Finally, do you think that innovation is being suppressed by these companies that buy up smaller companies with new technologies who are their future competitors? It’s a theory I hear a lot these days. Do you think there’s anything to it or is it a case that that’s actually good for new companies because it provides an off-ramp for their investors to get paid out? Any thoughts there before we go?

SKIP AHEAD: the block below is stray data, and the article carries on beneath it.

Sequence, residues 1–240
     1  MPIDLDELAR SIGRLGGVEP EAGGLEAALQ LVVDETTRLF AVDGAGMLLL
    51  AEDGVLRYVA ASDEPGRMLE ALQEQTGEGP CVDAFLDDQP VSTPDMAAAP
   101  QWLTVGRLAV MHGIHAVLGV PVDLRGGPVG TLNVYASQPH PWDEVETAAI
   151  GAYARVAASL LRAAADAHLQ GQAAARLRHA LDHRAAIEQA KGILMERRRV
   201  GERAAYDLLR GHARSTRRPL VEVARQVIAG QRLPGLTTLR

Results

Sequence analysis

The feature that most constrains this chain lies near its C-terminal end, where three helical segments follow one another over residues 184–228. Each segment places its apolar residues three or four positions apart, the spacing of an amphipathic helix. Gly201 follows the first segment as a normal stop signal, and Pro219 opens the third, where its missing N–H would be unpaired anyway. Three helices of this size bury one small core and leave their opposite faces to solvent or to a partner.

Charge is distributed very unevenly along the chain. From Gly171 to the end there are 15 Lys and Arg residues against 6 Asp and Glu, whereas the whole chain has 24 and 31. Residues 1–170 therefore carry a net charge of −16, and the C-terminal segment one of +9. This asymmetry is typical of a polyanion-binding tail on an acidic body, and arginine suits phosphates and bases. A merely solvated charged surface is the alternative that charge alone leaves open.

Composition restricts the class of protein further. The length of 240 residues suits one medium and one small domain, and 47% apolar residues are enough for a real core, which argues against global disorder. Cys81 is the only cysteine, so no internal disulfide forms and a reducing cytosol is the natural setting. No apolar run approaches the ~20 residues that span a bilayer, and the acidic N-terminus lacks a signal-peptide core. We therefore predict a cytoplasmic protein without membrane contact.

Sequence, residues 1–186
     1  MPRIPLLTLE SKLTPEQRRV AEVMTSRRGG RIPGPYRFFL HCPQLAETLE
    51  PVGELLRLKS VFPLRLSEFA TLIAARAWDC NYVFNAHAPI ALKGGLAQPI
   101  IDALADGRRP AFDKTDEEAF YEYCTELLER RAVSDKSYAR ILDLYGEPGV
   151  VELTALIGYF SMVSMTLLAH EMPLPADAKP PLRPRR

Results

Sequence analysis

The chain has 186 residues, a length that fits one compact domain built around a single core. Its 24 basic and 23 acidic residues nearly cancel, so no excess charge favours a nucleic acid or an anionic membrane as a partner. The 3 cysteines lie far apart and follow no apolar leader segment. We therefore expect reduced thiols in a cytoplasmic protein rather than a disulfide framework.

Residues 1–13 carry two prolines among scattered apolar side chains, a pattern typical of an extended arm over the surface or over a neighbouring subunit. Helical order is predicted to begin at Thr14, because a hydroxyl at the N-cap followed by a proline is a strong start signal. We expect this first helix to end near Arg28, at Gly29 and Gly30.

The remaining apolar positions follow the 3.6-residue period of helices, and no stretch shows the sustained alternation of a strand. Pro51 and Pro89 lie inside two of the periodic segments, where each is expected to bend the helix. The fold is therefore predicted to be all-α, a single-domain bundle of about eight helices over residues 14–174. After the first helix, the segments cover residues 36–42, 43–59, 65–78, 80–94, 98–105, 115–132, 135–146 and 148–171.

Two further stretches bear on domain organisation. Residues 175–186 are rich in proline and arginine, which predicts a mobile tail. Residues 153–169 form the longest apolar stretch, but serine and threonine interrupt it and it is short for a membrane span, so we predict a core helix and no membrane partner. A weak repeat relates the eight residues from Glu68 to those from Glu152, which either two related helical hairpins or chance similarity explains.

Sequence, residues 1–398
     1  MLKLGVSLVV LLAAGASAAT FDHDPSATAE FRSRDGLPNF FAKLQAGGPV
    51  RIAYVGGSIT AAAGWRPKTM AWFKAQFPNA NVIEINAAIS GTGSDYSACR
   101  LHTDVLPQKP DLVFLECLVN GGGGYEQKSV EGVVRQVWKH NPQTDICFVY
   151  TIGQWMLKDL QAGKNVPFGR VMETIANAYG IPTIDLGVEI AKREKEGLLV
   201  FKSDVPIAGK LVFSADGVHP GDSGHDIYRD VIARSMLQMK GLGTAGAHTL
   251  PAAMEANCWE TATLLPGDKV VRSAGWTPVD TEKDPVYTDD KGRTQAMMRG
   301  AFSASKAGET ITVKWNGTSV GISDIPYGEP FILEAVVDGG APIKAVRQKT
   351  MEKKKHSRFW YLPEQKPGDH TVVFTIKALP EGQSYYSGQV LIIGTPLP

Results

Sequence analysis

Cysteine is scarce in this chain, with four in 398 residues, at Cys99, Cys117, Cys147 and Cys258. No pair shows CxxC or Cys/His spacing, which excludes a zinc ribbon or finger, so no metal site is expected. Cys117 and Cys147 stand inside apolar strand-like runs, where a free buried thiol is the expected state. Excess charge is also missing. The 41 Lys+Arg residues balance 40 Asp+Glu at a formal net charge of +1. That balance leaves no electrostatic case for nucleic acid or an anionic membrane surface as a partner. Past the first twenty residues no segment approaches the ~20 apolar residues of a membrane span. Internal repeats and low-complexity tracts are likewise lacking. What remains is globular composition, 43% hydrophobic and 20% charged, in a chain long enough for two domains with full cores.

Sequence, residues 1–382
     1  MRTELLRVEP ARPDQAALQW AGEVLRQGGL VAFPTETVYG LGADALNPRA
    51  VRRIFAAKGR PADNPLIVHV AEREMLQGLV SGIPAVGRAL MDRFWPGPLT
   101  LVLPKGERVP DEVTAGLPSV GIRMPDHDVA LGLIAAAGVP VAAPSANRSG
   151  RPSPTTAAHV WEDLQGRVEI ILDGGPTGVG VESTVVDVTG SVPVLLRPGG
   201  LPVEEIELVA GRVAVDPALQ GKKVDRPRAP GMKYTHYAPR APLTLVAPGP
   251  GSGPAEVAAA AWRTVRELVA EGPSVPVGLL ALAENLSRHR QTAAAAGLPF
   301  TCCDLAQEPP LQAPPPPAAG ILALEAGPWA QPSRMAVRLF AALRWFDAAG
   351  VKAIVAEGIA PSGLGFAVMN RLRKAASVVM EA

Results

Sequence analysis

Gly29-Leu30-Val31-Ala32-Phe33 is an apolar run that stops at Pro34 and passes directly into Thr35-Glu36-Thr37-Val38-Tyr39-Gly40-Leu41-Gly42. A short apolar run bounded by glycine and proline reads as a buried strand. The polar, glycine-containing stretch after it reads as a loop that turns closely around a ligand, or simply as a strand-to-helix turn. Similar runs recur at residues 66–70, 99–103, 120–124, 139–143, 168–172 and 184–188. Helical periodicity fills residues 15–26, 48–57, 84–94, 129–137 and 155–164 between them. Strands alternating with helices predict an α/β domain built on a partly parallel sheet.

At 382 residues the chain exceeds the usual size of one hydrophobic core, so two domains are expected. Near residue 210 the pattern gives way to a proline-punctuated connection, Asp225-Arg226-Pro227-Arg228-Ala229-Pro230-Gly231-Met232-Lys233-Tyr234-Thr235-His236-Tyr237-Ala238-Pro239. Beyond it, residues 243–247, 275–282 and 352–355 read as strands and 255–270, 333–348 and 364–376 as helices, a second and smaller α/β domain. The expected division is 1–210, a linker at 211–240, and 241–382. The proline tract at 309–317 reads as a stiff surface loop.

I don’t find this argument particularly convincing. Yes, tech company exits are part of the engine of company creation. You need to have exits in the system and that’s how it works. I don’t think we see very many companies where you think, ‘oh, no, that would have been a great idea but Facebook squashed it.’ I really don’t see a kind of stifling effect on new company creation. Quite the opposite. The irony here is that the battle to produce cloud services in the form of AWS and Google Cloud and the race for them to create new machine learning capabilities and open source them means that there are vastly more companies being created and it’s vastly cheaper to create a company. Think about Instagram. Instagram had seven or eight people when Facebook bought it? And they had 50 million, 60, 70 million users, something like that? So the cost of creating a company is vastly lower and the ability to innovate, the ability to create new businesses is vastly lower and a lot of that is because of the kind of platform capability that you get from the App Store, that you get from AWS, that you get from Google Cloud, the distribution and the payments and the open source software. There’s a generalized point here that part of the reason tech activity has accelerated is because it was standing on the shoulders of giants. You don’t have to build the primitives yourself. You don’t have to create the building blocks yourself every time you found a company. You can just pick them up. There’s a huge amount of company creation happening, in large part, as I said, because of the existence of these platforms. Because they’re platforms. You can build on them.